Readers will naturally wonder whether the seemingly Herculean efforts and vast expenses incurred by UHN were worth it. The paper by Nick Zamora, Michael Carter, Stephanie Saull-McCaig and Joe Nguyen addresses this question. The authors quantify the benefits to UHN attributable to MOE/MAR, focusing on such metrics as order and transcription errors, medication incident reporting, clinical decision support utilization and medication order processing cycle time. Not only does this paper suggest that MOE/MAR has begun to live up to its patient-safety promise at UHN, providing greater confidence to other organizations as they consider a similar initiative, but it also provides a useful methodology for measuring performance effects. Professor Denis Protti, founding Director of the University of Victoria's School of Health Information Science, comments on UHN's successes as well as on experiences beyond Toronto.
The final paper in this series by Dr. Robert Bell, Brian Golden and Lydia Lee takes a look back on the five-year initiative, from all perspectives, in order to provide a final set of observations for organizations considering the implementation of a MOE/MAR-type initiative. In that paper, we attempt to pull together a set of "Lessons Learned" that could only be gleaned by simultaneously examining the UHN change from all perspectives.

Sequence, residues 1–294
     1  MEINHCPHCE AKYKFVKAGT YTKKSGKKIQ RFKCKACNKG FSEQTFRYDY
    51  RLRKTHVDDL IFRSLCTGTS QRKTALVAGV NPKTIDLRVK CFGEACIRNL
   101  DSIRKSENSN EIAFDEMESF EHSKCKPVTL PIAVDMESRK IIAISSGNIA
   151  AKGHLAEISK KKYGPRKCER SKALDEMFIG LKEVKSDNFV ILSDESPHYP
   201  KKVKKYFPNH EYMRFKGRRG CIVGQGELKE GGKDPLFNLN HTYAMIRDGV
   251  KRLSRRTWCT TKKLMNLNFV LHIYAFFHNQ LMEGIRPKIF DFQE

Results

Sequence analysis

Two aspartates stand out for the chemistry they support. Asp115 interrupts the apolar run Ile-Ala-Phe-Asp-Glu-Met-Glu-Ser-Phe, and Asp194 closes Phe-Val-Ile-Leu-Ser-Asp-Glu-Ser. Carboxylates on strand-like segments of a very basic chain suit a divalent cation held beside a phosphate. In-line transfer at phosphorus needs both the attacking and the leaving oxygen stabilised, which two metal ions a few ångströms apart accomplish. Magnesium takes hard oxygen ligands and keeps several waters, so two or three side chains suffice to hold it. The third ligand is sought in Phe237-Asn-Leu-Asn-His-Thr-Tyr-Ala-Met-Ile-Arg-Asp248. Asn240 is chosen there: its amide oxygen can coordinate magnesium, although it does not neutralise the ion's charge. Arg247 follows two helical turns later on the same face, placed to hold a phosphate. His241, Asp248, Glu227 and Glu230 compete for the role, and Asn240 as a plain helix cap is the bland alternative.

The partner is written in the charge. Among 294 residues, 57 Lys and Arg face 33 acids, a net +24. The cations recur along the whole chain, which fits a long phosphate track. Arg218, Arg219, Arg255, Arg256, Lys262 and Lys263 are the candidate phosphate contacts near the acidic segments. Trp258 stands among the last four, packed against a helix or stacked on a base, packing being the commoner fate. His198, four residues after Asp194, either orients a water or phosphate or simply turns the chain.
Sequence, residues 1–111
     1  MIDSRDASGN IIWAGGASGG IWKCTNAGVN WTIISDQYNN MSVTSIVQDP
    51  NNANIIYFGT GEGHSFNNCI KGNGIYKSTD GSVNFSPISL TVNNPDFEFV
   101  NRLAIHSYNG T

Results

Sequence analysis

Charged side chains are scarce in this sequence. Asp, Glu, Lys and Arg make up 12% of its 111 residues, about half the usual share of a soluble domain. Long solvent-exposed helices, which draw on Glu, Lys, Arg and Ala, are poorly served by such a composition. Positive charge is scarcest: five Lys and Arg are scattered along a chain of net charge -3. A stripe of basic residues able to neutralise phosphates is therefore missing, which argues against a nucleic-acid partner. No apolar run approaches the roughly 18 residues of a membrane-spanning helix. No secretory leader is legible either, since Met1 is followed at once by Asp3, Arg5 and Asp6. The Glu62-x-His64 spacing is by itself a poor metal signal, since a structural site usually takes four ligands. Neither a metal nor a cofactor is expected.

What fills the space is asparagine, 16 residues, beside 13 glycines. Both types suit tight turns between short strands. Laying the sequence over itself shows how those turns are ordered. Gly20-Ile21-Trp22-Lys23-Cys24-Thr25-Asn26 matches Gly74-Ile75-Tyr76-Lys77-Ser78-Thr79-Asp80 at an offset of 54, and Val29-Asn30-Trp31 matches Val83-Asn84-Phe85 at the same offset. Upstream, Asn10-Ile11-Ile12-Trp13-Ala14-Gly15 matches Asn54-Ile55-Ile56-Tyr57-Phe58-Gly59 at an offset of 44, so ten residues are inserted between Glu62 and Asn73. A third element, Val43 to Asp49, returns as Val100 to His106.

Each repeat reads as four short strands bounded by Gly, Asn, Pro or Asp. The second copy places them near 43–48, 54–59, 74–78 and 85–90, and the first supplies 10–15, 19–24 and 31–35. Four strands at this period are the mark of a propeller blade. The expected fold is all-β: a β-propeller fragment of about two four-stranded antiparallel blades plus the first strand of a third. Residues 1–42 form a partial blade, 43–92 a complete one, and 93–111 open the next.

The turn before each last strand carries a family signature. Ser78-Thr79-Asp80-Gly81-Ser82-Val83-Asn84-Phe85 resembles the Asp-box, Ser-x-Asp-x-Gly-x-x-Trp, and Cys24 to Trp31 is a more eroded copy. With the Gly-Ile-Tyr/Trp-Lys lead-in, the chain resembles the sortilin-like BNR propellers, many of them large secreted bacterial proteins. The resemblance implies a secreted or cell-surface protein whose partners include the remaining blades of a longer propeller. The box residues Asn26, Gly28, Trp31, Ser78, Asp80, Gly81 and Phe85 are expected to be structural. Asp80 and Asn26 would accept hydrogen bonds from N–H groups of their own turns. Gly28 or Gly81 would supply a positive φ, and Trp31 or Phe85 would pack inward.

As will no doubt be clear from the papers in this issue, leading effective change requires not only a mastering of one's own professional domain (e.g., project managers must understand project management methodologies), but also putting oneself in the shoes of those who are being asked to change. Thus, while each paper in this issue of HQ was written as a stand-alone piece, and physicians will no doubt have a special interest in the article written by physician authors, pharmacists by pharmacist authors, etc., we encourage readers to explore all papers in this issue. Only then will they grasp the true complexity of the change process and draw useful lessons for their own organizations.
About the Author
Brian Golden, PhD
Joseph L. Rotman School of Management
University of Toronto